The Empire Builder Day 2 Afternoon, Part 1: Enemy of the State
When I left the dining car I returned to the lounge/observation car. By now it was nearly mid-afternoon; the sun was beaming hotly through the terrarium-like cabin car and so the whole room felt alive and warm after the cold conversation with Carol. Given the midday trek through American Heartland, there were considerably more people sitting in the cabin. The seats are all situated to constantly view the rolling scenery, with the chairs slightly bent on angles to presumably allow you to view things as much as possible, and maybe be a bit more social with anyone seated with you. Small tables for resting books, glasses, laptops, etc sit in-between some of the seats. I found a spot to sit and take in the view while I resumed writing. Wanting to log online and upload some of my pictures and access my blog, I opened up my iMac and looked for a network that might be easily accessible.
I clicked on the wi-fi icon and looked at my choices (note to anyone thinking of doing this particular train route: Amtrak’s promised ‘wi-fi access’ stalls and disappears about three minutes after you pull out of Seattle.). About 12 network names appeared in the drop-down list with an assortment of names; “Chrissy’s iPhone”; “Belkin blah blah blah”; ones that were clearly town/regionally-related…..and then, nestled inside of these network names, one caught my eye: White Power.
I froze and looked again. White Power.
I gulped and shifted in my seat and for a moment, just looked at the window again, watching the wheat and grass fields stream by. I re-clicked the wi-fi network list, and as the search dial spun, the list refreshed. Not only were there the original network options I’d found a moment ago, the network options had grown to expand to include two more networks named “White Power”; a total of three that seemed to reappear every few network names like some odd DNA sequence.
At this point I was sweating and closed my laptop. I looked around; all around me were quiet, white faces, some chattering with loved ones, some studiously looking through the lens of expensive-looking cameras; others fumbling on their phones or devices. No one looked at me as I frantically studied their faces–I half expected to look up and see everyone staring at me, waiting to pounce on me.
I was, to put it bluntly, pretty fucking scared. It dawned on me that the network could belong to anyone on the train, sitting anywhere near or close by. Quickly, paranoia set in; I began retracing every bit of conversation and encounter that I’d had since boarding the train. In my mind I reviewed the faces of everyone I’d talked to; I tried to recount any and every subtle twitch in the lip; the extra flicker of an eye’s blink; maybe some slightly less-than tone in obligatory greeting as I passed someone on the train. I thought about down in the sleeping quarters; was there anyone down there that seemed like they would’ve had this network? I tried to think about the towns that we’d trolled through already; I spent 5mins Googling some of the towns–Malta, Whitefish, La Crosse,–and then panicked that, fuck, they all sounded like havens of white pride themselves.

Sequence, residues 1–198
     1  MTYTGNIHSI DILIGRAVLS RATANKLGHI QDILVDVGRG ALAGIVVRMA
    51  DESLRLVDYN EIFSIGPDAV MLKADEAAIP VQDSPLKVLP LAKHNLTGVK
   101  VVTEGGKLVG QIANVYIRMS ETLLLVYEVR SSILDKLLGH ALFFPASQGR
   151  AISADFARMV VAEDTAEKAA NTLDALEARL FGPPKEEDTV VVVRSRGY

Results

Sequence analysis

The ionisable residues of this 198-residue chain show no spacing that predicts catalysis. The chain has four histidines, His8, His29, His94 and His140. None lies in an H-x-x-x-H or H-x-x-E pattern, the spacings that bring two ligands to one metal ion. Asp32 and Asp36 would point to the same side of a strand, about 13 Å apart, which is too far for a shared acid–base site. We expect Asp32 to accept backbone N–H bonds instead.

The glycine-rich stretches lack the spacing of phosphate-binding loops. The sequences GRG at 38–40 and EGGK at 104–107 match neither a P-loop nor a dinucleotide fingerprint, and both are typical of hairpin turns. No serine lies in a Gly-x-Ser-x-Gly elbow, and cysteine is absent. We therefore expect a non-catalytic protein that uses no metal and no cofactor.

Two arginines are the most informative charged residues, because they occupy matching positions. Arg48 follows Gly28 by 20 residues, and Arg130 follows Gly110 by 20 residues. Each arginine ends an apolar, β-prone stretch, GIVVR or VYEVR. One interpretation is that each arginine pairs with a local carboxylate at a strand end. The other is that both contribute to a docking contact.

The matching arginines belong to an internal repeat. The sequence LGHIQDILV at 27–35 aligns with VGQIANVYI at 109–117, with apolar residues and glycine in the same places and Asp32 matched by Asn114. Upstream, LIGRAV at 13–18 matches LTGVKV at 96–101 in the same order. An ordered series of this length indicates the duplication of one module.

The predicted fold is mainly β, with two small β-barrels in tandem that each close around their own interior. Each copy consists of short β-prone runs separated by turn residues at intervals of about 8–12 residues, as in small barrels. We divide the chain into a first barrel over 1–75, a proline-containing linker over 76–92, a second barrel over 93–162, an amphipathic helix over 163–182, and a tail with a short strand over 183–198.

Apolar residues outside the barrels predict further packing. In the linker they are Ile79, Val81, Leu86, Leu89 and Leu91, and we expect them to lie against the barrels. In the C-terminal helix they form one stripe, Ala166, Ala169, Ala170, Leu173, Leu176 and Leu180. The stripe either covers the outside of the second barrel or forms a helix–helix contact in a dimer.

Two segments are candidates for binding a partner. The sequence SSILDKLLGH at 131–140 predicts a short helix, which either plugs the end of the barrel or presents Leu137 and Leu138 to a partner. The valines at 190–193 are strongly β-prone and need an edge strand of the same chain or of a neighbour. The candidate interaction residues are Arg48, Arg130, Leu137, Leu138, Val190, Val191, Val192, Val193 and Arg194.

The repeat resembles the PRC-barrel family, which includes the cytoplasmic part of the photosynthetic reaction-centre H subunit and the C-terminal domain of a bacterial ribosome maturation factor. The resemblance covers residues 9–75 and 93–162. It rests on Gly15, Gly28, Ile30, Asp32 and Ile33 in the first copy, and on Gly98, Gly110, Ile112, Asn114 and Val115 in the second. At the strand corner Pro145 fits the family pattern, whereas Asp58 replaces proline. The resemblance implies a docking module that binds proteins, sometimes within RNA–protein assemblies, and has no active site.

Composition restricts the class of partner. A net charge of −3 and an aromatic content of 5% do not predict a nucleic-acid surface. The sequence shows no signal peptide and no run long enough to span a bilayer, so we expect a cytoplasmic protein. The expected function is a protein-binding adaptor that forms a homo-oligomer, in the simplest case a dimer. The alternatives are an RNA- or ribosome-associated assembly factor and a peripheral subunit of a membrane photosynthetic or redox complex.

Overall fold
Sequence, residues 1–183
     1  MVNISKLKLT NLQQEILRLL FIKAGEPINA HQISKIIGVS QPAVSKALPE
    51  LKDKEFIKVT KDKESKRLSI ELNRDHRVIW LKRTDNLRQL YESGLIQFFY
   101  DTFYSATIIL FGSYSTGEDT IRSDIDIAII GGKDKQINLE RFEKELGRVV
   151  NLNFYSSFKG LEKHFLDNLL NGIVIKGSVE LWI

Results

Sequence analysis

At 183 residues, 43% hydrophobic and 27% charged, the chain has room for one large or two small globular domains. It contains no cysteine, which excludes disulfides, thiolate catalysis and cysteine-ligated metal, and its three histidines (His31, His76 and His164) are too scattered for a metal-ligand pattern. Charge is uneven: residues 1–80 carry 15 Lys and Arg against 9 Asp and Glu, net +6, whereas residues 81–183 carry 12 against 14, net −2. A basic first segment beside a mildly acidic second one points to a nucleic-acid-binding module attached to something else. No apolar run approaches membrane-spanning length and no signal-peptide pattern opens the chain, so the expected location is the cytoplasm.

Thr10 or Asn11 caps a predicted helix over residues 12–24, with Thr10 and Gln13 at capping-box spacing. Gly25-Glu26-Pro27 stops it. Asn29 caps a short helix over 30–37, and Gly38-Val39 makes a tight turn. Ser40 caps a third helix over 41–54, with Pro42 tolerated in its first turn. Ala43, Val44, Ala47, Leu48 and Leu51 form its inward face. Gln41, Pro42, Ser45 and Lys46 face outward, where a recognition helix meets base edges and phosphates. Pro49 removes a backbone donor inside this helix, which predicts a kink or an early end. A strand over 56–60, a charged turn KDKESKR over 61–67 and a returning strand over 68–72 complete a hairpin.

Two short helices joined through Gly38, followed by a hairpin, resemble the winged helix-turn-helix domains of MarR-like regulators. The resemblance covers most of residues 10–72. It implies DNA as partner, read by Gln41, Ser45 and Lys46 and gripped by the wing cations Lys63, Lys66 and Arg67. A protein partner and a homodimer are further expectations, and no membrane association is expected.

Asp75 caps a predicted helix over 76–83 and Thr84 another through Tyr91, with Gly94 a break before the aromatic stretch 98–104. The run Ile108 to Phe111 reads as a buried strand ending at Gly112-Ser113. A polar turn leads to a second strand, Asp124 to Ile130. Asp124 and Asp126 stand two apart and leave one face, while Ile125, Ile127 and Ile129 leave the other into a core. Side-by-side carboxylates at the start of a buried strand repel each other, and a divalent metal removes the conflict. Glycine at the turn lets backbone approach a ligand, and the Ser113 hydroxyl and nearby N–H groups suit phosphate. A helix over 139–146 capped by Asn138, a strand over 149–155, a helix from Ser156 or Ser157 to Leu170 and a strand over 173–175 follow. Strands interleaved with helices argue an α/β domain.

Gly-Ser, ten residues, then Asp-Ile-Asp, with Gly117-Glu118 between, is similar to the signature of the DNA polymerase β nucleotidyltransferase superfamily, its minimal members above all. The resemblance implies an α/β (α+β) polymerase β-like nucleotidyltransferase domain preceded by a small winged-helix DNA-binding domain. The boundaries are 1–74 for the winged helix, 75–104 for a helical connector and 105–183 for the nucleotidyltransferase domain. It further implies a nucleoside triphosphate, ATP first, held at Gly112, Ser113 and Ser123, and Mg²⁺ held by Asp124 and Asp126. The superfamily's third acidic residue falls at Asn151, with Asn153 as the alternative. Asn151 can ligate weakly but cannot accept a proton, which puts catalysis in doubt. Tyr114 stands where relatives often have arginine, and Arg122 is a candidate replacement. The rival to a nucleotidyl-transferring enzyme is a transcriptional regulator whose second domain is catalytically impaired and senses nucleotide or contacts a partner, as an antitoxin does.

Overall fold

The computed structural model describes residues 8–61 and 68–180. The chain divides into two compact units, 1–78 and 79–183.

I suddenly pictured passing through a darkened tunnel on the route; everything going black for half a minute; me sitting in the dark in my seat, whipping my head around. Feeling a rope tossed over my head, or worse, emerging moments later and finding everyone in on train donned in a white hood.
I suddenly felt like I was living some sort of Hitchcock/Twilight Zone experience; trapped on a train, only able to run north-south along its corridors, running from some invisible men that I didn’t know; that could appear at any moment. I froze–I couldn’t focus on writing one iota, and began pacing the train, peering and not peering into faces as I walked along the cars. Some of the faces returned my stare and smiled; some blandly looked back with weary passenger eyes; some stared straight through me, but all of them terrified me. As I made my way from car-to-car, I held my laptop open; I felt like a ghostbuster using my laptop as a sort of racist-PKE meter; watching and waiting for White Power wi-fi to disappear, multiply, something.
I made my way to my sleeping car room and sat there scared and stunned. I drew back the sliding door and laid on my bed, slightly hyperventilating. I tried to imagine how to navigate the rest of the trip–at this point I calculated that I must’ve been another 24hrs away from Chicago–I started thinking:
- Who could I trust the rest of this ride?
- How would I deal with dinner–could I get it in my room? Could I trust the staff to not tamper with my food?
- Had they already? What was too late to worry about?
Earlier on during the trip, the fact that I was black was a friendly, communal curio; it was a quietly acknowledged, seemingly innocuous detail that might’ve walked the fine line of endearing and obnoxious to the other passengers, like a lisp. But discovering the White Power wi-fi created a totally different perception of self; I suddenly felt I’d gone from nice to notorious. I also began being very, very aware of the fact that I felt very, very alone on the train. Suddenly, a lot of the beautiful landscape seemed like a wide open, still-hungry graveyard. All the serene heartland scenery that I had been chewing away at with my eyes and iPhone alike, seemed like the gaping maws of spaces that might swallow me whole, never to be seen again.